- put your destination pano on the next physical disk

I think APP uses temp images from the APP temp directory, so it may not hurt to have the source and destination files on the last disk.

If the disks are different speeds, APP temp space should probably be on the fastest disk, and (I'm guessing here) the windows temp space on the next-fastest.

The advantages here:
- sooner or later, you'll need more disk space. No one ever has enough, especially with large panos.
- if you decide to get a new system, you can move the disks over easily enough

Other things to consider:
- If you're using SATA drives, is a controller card may be faster than an on-the-motherboard controller?
- what's the rotation rate and cache size of each hard drive?


Last edited by hankkarl on Thu Apr 17, 2008 3:36 pm, edited 1 time in total.

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PostPosted: Thu Apr 17, 2008 5:51 pm 
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hankkarl i dont think theres need for 5 disks. You dont need a separate disk for windows, source photos, temp space etc.

You have a disk that we will call SDA, your pc boots up, neccesary things like OS go into RAM, end of OS disk use (almost, i dont count tiny scarce disk accesses like a screensaver loading). Open APP, APP goes into RAM. Open source files (I keep them on a separate disk but thats for security reason, if that disk crashes there will be only photos to recover) in APP, open the pano editor. APP copies these photos to its own designated temp folder and works on them there. All the work it does is in that temp dir, many huge files are written - that temp folder is the most important thing here. It needs to be on a fast disk that during rendering wont be busy with other things. Lets call that disk SDB. It would even be better if that temp folder was actually an array of disks. The pano destination folder could be on SDA since APP will be merging temp files from SDB, so there is no head jumping backwards and forwards like crazy. Thats 2 disks, SDA and SDB. You can OPTIONALLY have a separate disk like I do for source photos, a separate one for your OS's swap space, etc... but they wont speed up rendering, as long as the APP temp dir is on its own free disk (well you can even have photos on a separate disk and have the APP temp dir on that same disk, as far as I know once APP reads those photos once it wont read them again).

One thing I do not know is how APP uses the OS swap space. APP has its own temp dir, and your OS has its own temp space (in Windows its probably on your C: drive unless you moved it and its not a folder but a file called pagefile.sys, in Linux its a dir). APP's temp dir is used very intensively. I dont know whether it uses the OS temp/swap space a lot. If it does, then that should be on an unused disk as well.

To recap, have a free disk for APP's temp dir (or even better a RAID), and POSSIBLY another free disk for your OS's swap space, and you will get max performance. Using more disks is pointless as far as APP's stitching speed goes.


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PostPosted: Fri Apr 18, 2008 8:54 am 
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http://www.autopano.net/forum/t521-cpu-graphics-card-dual-core-s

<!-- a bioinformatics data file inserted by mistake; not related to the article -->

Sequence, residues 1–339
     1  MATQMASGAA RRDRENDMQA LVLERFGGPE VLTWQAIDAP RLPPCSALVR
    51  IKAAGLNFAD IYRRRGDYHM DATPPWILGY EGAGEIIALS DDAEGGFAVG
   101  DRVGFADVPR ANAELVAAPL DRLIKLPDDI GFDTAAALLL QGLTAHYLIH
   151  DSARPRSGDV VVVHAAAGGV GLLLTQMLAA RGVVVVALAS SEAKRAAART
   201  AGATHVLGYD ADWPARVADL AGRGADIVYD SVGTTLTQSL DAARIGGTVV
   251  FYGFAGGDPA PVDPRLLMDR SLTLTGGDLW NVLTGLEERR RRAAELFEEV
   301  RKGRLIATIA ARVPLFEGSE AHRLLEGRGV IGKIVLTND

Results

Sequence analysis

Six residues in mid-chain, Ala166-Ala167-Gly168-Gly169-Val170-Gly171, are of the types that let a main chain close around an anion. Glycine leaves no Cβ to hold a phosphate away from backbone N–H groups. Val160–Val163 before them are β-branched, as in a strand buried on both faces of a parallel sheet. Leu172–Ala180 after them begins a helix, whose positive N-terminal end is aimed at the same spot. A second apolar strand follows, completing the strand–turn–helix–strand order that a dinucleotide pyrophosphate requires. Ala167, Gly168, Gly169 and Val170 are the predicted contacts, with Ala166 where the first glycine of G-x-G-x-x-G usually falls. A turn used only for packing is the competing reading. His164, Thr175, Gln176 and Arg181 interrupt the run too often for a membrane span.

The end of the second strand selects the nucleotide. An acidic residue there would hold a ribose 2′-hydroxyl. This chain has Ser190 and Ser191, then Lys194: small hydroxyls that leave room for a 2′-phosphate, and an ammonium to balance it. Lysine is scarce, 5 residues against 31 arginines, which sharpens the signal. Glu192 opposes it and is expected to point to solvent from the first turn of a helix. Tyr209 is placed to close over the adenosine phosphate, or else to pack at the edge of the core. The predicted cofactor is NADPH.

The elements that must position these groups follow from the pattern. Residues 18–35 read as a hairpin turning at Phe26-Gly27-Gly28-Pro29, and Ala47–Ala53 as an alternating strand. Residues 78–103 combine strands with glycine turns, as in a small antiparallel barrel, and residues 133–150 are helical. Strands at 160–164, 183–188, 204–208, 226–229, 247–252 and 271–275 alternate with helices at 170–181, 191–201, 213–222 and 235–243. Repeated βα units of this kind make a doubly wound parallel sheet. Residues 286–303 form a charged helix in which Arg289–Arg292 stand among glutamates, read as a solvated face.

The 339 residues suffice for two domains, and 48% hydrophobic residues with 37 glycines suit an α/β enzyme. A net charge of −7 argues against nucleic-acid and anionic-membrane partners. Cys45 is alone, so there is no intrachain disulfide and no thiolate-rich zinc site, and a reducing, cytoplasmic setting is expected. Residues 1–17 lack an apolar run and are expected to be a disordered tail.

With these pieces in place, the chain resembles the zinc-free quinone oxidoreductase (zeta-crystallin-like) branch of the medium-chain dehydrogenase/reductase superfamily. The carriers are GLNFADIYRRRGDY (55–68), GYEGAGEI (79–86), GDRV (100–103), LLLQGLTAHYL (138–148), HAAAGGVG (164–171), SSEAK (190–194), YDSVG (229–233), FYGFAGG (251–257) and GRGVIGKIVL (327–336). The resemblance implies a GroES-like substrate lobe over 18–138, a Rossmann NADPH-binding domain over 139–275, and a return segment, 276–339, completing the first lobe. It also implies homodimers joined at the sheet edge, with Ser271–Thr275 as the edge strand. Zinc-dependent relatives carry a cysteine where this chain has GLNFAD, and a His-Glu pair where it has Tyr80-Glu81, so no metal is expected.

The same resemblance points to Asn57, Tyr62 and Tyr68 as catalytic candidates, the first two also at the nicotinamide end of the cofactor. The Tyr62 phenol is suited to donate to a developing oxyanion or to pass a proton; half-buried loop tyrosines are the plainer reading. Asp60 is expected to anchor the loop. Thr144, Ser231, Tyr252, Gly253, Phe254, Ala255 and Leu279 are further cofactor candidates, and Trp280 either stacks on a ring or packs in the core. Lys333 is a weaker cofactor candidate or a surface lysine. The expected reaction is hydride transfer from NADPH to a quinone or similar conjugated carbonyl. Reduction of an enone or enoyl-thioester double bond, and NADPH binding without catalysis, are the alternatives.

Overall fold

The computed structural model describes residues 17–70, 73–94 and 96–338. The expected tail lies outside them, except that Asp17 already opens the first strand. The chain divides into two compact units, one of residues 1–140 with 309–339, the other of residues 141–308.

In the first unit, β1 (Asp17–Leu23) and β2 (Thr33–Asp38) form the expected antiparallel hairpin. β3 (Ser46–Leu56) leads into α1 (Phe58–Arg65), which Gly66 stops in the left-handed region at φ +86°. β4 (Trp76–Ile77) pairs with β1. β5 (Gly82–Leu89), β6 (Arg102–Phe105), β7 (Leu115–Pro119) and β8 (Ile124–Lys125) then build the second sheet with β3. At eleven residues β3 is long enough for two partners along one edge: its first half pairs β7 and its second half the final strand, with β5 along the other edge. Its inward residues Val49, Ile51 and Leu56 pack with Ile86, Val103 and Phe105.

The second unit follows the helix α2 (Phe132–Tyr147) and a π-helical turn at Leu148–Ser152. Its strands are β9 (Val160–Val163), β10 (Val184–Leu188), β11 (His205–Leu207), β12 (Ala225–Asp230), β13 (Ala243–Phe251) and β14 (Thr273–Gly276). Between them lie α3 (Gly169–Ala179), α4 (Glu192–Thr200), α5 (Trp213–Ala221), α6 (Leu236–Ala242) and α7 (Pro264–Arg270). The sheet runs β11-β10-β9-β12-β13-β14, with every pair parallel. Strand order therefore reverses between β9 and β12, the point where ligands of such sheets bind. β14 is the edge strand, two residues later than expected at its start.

I still hold my opinion about the 1 : 3 : 7 proportion, at least for my workflow. If you're working with plenty of (and/or big) input images, the proportion should be something like 3 : 5 : 7.

RAM, HDD, CPU that is.

But I consider 2GB RAM an absolute minimum nowadays, 4 or 8 GB on XP 64-bit - a standard. Even more now with 1.4.1 and x64 APP builds.

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PostPosted: Fri Apr 18, 2008 9:32 am 
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I agree. First RAM ! On 64bits version, smartblend can work in memory. That's 10x factor at least.
Secondly 2 HDD : one for temp and one for final render file destination
CPU : a standard q6600 quad core is largely enough.


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PostPosted: Fri Apr 18, 2008 10:33 pm 
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This may not be a lot of use because I've only just downloaded the trial version and used it once on a selection of 14 pics!
I have a Quadcore PC running Windows XP Pro 64 bit with 4 GB 800Mhz RAM and just about everything I do is noticeably faster. AutoPano took no time at all to work its magic on those 14 x 5Mb pics: my jaw is still on the floor! :D

My previous PC was an Athlon 3700 with 2Gb RAM, & XP Home. A graphics render which took 3hr 10 mins on that only took 44mins on the Quadcore :D

But if you do any of your own printing, please make sure you carefully check the availability of printer drivers for 64bit OS. I made a mistake with mine; luckily there are other PCs on my home network still running 32bit which can use it.


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PostPosted: Sat Apr 19, 2008 2:32 am 
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You can always have a dual boot machine, x64 your main OS & x86 for those programs which have driver issues & hence print from the other OS.

isn't XP x64 having a 32 bit emulator which lets you have 32bit driver also install on x64 OS?


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PostPosted: Sat Apr 19, 2008 8:32 pm 
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AlexandreJ wrote:
I agree. First RAM ! On 64bits version, smartblend can work in memory. That's 10x factor at least.